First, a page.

“Ensuring that our methods are clear, transparent and predictable should allow us to speed up evaluation processes for new and emerging technologies," Boysen declared. "This is particularly important in our response to COVID-19, but also allows us to further consider how to best evaluate the value of specific new technologies such as cell and gene therapies.”
The proposed changes "send an important signal to the innovative biotech sector that the UK is serious about ensuring access to new medicines” – Steve Bates, CEO, Bioindustry Association
The biopharmaceutical industry generally welcomed the proposals. Steve Bates, CEO of the BioIndustry Association, said the planned changes sent “an important signal to the innovative biotech sector that the UK is serious about ensuring access to new medicines.”
Bates said his association was “very encouraged by the focus on removing significant barriers to access, which puts the UK on a new footing, setting the benchmark for health technology appraisals – particularly around modifiers, uncertainty and discounting.” This would "help ensure both that industry can continue to deliver innovative medicines and that patients can access them".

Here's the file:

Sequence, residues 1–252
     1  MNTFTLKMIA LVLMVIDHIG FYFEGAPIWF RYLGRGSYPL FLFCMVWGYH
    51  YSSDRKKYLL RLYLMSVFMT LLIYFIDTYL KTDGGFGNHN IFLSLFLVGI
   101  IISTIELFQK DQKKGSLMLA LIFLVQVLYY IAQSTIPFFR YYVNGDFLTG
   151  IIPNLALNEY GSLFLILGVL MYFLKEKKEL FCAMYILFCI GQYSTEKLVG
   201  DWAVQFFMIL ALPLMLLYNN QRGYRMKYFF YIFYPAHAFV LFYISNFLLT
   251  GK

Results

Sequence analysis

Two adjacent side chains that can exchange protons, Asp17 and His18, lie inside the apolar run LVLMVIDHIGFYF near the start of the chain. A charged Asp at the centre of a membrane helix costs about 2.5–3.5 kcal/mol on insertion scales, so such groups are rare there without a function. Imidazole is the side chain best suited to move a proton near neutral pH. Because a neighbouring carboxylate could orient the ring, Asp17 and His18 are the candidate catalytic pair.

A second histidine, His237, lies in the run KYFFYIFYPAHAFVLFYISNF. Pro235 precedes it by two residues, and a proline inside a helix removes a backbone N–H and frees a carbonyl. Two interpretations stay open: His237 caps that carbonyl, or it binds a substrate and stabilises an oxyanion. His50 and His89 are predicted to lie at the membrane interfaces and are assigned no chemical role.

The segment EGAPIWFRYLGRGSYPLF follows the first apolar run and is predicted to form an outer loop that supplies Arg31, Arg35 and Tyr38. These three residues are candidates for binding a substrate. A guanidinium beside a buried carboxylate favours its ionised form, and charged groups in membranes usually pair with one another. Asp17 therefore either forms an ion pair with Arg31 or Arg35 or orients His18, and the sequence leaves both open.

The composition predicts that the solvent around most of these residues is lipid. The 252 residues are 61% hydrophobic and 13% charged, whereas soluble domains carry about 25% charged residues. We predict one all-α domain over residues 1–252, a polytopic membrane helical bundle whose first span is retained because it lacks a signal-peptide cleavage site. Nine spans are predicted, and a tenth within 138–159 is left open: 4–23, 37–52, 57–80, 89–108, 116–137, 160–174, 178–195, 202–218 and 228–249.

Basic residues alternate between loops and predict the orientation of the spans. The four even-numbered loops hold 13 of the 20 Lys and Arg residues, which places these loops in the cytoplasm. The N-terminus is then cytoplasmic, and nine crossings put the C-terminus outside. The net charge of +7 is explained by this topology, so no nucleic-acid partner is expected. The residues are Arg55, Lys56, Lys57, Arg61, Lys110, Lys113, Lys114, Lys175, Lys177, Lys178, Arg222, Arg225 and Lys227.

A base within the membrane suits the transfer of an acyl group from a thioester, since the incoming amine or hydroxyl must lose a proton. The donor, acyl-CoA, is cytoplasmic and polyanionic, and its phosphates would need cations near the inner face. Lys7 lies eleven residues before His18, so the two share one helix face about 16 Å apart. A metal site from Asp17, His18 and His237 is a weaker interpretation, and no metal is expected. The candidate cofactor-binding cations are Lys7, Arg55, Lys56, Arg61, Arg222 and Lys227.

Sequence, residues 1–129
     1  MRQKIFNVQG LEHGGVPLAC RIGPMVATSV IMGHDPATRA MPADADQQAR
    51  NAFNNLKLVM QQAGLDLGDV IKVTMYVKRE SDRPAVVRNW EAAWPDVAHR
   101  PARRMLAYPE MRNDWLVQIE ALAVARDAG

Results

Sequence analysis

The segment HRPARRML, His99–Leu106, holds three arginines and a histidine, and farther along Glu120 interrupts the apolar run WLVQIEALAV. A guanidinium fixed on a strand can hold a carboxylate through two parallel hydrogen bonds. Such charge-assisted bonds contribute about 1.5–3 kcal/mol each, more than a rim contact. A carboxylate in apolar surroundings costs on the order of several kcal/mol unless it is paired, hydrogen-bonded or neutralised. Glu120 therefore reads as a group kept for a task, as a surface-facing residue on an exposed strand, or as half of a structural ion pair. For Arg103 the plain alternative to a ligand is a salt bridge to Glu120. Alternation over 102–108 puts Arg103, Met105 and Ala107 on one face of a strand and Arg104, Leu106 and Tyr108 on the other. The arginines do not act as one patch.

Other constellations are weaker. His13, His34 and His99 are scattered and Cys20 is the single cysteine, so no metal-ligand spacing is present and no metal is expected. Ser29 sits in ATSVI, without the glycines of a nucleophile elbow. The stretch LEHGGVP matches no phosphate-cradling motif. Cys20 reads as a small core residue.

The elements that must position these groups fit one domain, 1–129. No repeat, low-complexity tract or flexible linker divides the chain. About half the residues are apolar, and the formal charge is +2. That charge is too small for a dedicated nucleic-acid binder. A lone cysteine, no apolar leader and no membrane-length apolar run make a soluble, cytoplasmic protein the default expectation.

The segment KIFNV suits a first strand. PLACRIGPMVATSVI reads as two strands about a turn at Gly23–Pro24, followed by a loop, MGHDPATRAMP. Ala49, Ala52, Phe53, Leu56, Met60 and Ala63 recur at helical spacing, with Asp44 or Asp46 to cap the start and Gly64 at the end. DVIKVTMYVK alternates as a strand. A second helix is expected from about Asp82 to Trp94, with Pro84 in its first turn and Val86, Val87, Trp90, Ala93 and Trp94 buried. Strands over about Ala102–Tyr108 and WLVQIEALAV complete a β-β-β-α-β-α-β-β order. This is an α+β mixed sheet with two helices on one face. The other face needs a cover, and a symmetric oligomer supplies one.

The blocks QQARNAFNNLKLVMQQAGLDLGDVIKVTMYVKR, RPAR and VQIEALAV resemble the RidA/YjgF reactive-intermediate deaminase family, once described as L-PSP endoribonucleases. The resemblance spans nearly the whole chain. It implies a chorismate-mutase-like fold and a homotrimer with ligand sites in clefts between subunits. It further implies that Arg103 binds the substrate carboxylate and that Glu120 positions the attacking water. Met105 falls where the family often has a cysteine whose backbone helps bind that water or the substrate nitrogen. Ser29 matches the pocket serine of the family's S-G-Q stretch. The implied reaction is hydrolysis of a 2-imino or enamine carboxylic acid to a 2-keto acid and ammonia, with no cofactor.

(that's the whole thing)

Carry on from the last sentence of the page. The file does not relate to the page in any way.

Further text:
Richard Torbett, chief executive of the Association of the British Pharmaceutical Industry, described the proposals as “a positive first step towards more NHS patients benefitting from the very latest medicines.” They could also act as “a catalyst for global investment, with the UK demonstrating its commitment to researching, developing and using new medicines and technologies,” Torbett said.
According to Bates, implementation of the changes was “fully affordable” because of the 2019 Voluntary Scheme agreed by the ABPI and the Department of Health and Social Care, which aims to improve patient access to the best value medicines and to keep the branded drugs bill affordable for the NHS.
NICE said that “although the 2019 Voluntary Scheme includes measures to mitigate the costs of branded medicines, the effects on healthcare budgets are still important because of healthcare displacement effects within financial years, long-term dynamic effects (such as comparator prices), and effects on other health technologies.”
It added that it was too early to identify and quantify the precise effect of the proposals on individual technologies, wider health care budgets, and how different uses of health care resources were prioritized. “This is because much depends on the views of stakeholders expressed in consultation, and on how the proposals might be implemented in practice.”